Robbins also complains that the utility is “spending some of its funding on discounts to customers consuming lavish quantities of energy, and on funding on a program that is much less effective at saving money than direct discount programs.” He says while he has tried to work with Austin Energy in the past, he now finds the staff “complacent and unwilling to make further changes. I am reluctantly forced to turn to your (Stokes’) office to investigate this continued misallocation of limited funds meant to assist the poor.”
Robbins said the total CAP funding for all three utilities would be more than $18 million in the current fiscal year. “If even 10 percent of CAP funds are being given to the wrong people, it could amount to almost $2 million in wasted funds that could be rerouted to customers with legitimate needs if income qualification were to completely replace automatic enrollment,” he said.
Austin Energy’s residential electric rate structure is intentionally designed to charge more for greater amounts of consumption, in an effort to encourage energy conservation. However, as Robbins pointed out, CAP customers receive a 10 percent discount on consumption regardless of how much energy they consume. As he noted, the discount was raised to 15 percent in the last year because of the pandemic. That will continue through at least the end of September 2021, according to Herber.
Of the top 10 public utilities in the United States, Austin is one of only two utilities that offer discounts for unlimited consumption, Robbins said. Five of the programs offer a flat discount and three offer no utility-funded program. He noted that there has been an argument defending discounts for high consumption on the assumption that households with larger numbers of people use a lot more energy. But Robbins points to a residential energy consumption survey showing that “a three-person household in the southern U.S. used only 17 percent less than a household with six or more people.”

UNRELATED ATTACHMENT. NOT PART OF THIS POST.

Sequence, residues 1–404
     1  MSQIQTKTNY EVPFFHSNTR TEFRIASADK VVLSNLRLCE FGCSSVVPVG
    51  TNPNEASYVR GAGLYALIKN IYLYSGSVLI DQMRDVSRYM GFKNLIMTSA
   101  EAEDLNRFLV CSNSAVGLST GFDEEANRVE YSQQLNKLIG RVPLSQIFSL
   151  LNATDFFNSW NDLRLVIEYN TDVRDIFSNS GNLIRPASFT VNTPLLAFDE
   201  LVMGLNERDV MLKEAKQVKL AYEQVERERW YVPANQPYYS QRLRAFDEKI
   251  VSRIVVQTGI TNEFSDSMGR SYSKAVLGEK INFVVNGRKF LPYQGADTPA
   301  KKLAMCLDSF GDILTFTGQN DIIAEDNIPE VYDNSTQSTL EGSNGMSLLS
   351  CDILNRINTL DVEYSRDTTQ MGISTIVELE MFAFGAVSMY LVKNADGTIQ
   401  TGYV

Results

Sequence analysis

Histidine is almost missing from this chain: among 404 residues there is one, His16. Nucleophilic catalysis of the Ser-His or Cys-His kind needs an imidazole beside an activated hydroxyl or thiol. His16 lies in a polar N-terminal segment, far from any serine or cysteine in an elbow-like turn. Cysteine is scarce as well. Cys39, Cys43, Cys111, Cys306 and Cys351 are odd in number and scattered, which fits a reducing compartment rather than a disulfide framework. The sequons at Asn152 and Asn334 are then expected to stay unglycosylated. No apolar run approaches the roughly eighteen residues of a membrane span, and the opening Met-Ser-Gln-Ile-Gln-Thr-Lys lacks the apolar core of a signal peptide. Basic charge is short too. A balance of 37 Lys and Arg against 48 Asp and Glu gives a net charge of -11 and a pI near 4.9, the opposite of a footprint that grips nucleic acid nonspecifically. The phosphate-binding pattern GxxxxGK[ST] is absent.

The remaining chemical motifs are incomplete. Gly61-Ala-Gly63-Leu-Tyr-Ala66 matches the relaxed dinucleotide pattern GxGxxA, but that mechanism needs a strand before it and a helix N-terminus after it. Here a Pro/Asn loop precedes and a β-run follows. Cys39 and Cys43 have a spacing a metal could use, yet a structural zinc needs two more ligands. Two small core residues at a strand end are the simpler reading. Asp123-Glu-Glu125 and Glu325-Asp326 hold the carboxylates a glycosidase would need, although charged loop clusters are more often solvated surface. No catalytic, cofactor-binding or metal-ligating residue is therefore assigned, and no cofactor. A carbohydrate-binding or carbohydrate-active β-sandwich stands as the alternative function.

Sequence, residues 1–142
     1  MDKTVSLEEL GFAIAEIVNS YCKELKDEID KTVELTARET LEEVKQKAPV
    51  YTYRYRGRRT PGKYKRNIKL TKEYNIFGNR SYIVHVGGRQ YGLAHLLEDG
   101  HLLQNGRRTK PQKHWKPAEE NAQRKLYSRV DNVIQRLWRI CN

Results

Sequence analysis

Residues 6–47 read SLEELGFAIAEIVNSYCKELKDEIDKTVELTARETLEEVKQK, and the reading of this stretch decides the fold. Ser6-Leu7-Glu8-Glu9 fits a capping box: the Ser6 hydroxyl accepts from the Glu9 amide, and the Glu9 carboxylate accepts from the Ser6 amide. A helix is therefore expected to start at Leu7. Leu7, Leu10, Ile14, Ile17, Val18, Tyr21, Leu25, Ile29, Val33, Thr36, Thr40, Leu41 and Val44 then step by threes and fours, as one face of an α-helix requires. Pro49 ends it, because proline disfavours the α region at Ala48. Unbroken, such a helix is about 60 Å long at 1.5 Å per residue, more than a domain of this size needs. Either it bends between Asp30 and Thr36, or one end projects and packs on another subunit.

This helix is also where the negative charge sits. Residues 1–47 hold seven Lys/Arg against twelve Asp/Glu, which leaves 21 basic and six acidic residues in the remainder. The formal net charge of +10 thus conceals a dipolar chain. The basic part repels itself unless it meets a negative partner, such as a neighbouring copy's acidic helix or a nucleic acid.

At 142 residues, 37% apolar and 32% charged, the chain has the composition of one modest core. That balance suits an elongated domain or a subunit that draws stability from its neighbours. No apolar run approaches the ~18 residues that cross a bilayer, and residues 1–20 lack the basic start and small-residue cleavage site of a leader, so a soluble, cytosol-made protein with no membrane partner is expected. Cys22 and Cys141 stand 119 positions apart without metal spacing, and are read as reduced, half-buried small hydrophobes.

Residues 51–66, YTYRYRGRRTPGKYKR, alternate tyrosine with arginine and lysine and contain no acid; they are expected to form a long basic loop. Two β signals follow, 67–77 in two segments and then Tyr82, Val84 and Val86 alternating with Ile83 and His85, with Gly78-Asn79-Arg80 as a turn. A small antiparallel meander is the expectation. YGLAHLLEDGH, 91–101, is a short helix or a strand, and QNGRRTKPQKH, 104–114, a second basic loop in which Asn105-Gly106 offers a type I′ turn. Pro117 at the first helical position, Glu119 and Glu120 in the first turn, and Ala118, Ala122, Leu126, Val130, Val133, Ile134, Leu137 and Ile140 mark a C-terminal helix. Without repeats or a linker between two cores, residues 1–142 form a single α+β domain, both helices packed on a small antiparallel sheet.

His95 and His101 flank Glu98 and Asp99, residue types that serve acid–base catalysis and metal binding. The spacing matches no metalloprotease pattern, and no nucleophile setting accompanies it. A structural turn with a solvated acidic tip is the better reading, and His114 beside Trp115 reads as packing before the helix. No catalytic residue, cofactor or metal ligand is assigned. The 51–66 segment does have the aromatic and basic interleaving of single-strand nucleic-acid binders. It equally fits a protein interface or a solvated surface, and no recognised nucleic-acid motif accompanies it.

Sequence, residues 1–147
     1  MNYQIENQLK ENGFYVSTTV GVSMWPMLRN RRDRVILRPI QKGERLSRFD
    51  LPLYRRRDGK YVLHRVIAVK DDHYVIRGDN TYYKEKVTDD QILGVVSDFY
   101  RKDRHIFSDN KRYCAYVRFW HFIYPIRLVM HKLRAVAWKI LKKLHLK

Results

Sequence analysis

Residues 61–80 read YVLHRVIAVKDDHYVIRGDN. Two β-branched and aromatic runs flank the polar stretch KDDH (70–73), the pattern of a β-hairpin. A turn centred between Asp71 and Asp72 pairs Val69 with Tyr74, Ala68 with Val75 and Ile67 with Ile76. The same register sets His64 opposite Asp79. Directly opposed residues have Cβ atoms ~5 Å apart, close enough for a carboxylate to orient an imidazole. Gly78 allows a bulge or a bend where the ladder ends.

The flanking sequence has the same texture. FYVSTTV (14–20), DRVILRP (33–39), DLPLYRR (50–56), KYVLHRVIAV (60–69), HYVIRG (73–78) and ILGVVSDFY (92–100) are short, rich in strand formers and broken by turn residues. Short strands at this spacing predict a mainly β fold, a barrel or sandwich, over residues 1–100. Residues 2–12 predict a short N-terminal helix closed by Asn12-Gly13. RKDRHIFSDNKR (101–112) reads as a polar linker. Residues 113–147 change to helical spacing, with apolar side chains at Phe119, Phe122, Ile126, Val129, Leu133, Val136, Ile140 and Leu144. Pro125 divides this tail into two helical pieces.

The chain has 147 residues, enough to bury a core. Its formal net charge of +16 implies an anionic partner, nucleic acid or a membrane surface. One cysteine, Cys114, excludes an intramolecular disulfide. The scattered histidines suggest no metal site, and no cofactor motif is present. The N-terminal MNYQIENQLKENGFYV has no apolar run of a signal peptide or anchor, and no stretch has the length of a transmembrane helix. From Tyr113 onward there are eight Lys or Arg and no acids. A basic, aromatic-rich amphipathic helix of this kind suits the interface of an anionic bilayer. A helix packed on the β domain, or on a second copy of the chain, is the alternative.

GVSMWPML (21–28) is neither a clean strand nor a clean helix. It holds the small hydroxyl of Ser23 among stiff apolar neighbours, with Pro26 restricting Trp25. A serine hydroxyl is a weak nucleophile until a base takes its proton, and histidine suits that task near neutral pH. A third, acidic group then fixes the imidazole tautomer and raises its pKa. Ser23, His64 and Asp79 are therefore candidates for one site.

He concludes that “CAP discounts are structured in a way that discourages energy conservation, while at the same time depriving customers with lower consumption from receiving larger discounts.”
In addition, Robbins also complains that Austin Energy is using CAP funds on the utility’s free weatherization program without adequately determining whether the recipients are qualified under the rules of the Customer Assistance Program.
Finally, Robbins reports that during his six-year-long effort to monitor CAP, Austin Energy has exhibited “a lack of transparency and responsiveness,” that has made it more difficult for “a responsible consumer advocate to get accurate information.”
The Austin Monitor’s work is made possible by donations from the community. Though our reporting covers donors from time to time, we are careful to keep business and editorial efforts separate while maintaining transparency. A complete list of donors is available here, and our code of ethics is explained here.
Do you like this story?
There are so many important stories we don't get to write. As a nonprofit journalism source, every contributed dollar helps us provide you more coverage. Do your part by joining our subscribers in supporting our reporters' work.
Key Players & Topics In This Article
Austin Energy: As a municipally-owned electric utility, Austin Energy is a rarity in the largely deregulated State of Texas. It's annual budget clocks in at over $1 billion. The utility's annual direct transfer of a Council-determined percentage of its revenues offers the city a notable revenue stream.
Office of the City Auditor: This city department is created by the city's charter in order to establish and ensure "accountability transparency, and a culture of continuous improvement in city operations."